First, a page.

As described earlier, the unfortunately delayed response has been extremely efficient, so much so that China has received praise from the World Health Organization. Within China their public persona is one of efficiency and benevolence, but under that shiny surface, the Chinese government can cause brutal inefficiencies that lead to suffering. Xi appears to care more about maintaining the image of benevolence, than actually providing it. With scrutiny becoming more and more public, the Chinese people are becoming aware that often the emperor wears no clothes.

Works Cited

Buckley, Chris, and Steven Lee Myers. “Where’s Xi? China’s Leader Commands Coronavirus Fight From Safe Heights.” The New York Times. The New York Times,

February 8, 2020. https://www.nytimes.com/2020/02/08/world/asia/xi-coronavirus-china.html​.

Buckley, Chris. “Chinese Doctor, Silenced After Warning of Outbreak, Dies From Coronavirus.” The New York Times. The New York Times, February 6, 2020. https://www.nytimes.com/2020/02/06/world/asia/chinese-doctor-Li-Wenliang-coronaviru s.html?action=click&module=RelatedLinks&pgtype=Article​.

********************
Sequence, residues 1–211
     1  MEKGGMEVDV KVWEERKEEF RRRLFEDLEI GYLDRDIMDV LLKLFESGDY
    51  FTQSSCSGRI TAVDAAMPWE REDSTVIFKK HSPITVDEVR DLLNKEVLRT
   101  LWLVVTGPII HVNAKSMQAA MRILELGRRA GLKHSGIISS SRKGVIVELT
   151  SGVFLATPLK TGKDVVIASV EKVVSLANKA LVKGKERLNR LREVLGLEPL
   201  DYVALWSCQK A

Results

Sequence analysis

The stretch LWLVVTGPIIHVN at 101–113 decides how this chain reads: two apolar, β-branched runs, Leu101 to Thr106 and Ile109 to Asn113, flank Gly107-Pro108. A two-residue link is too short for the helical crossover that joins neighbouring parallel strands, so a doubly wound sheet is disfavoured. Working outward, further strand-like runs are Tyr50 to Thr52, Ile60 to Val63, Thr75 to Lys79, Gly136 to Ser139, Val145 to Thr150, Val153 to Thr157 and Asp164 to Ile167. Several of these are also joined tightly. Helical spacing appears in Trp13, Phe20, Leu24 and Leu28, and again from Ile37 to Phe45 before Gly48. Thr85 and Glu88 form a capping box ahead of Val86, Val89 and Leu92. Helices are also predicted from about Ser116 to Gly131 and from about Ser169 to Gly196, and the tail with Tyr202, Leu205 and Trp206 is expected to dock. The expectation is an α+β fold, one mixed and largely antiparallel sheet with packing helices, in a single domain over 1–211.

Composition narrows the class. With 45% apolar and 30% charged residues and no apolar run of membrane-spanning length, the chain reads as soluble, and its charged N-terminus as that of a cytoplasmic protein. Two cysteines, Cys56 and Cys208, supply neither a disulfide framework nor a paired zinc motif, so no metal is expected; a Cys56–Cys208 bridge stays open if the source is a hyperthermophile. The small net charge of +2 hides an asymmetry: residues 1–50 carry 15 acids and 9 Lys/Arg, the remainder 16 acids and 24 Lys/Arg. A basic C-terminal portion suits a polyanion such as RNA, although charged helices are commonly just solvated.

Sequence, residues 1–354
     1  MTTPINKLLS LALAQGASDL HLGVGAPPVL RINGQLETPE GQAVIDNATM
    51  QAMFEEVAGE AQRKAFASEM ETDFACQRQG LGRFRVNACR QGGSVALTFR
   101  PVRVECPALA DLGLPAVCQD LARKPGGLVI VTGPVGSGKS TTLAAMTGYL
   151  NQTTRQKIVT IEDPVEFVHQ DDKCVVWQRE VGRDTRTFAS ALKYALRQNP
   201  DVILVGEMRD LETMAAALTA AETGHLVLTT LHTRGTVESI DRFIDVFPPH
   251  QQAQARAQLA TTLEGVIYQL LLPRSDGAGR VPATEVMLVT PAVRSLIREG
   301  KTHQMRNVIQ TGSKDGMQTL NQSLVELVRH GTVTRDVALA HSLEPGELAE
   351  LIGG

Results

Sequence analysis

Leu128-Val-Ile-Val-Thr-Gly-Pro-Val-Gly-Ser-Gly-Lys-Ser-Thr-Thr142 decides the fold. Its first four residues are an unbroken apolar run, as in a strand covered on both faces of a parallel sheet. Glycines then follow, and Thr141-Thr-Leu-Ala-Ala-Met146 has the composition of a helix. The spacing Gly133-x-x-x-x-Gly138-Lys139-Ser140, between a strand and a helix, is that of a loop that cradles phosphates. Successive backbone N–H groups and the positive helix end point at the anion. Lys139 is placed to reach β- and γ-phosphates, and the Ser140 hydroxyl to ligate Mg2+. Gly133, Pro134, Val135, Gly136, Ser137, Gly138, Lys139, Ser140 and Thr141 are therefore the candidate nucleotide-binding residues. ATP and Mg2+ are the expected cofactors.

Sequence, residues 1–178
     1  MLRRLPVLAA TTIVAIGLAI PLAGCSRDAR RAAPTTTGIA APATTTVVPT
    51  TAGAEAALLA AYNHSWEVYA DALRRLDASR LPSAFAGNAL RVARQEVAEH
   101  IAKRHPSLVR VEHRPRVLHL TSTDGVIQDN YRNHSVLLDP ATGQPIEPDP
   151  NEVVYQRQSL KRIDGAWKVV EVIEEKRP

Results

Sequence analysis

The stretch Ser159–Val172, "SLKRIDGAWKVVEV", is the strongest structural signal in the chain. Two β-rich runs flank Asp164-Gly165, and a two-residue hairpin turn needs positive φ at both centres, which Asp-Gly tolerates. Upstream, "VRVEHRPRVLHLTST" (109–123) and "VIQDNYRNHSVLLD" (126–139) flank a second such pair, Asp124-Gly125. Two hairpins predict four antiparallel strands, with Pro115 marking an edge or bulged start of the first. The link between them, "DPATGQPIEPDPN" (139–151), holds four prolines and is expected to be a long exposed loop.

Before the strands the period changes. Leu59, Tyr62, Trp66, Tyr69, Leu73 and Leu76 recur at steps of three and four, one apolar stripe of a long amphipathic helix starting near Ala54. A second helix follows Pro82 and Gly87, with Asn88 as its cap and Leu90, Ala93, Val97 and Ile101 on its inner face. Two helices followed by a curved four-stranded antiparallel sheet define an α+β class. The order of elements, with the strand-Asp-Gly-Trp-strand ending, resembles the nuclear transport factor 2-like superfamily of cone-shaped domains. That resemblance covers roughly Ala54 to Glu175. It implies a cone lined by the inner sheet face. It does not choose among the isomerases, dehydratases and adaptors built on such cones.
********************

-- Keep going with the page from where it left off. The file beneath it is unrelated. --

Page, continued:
“Censorship in China.” Wikipedia. Wikimedia Foundation, February 11, 2020. https://en.wikipedia.org/wiki/Censorship_in_China#Historical​.

Chao, Rebecca. “Why Do Chinese Billionaires Keep Ending Up in Prison?” The Atlantic. Atlantic Media Company, January 29, 2013. https://www.theatlantic.com/international/archive/2013/01/why-do-chinese-billionaires-k eep-ending-up-in-prison/272633/​.

“Data Leak Reveals How China ‘Brainwashes’ Uighurs in Prison Camps.” BBC News. BBC, November 24, 2019. ​https://www.bbc.com/news/world-asia-china-50511063​.

Esarey, Ashley. “Speak No Evil: Mass Media Control in Contemporary China.” ​Freedom House​, February 2006.

“Media Censorship in China.” Council on Foreign Relations. Council on Foreign Relations. Accessed February 12, 2020. https://www.cfr.org/backgrounder/media-censorship-china​.

Niu, Isabelle, and Tony Lin. “The Coronavirus Reveals China’s Weakness in Handling Public Health Crises.” Quartz. Quartz, February 4, 2020. https://qz.com/1796376/the-coronavirus-shows-how-badly-china-handles-public-health- crises/​.

Yuan, Li. “Widespread Outcry in China Over Death of Coronavirus Doctor.” The New York Times. The New York Times, February 7, 2020. h=login-email&login=email​.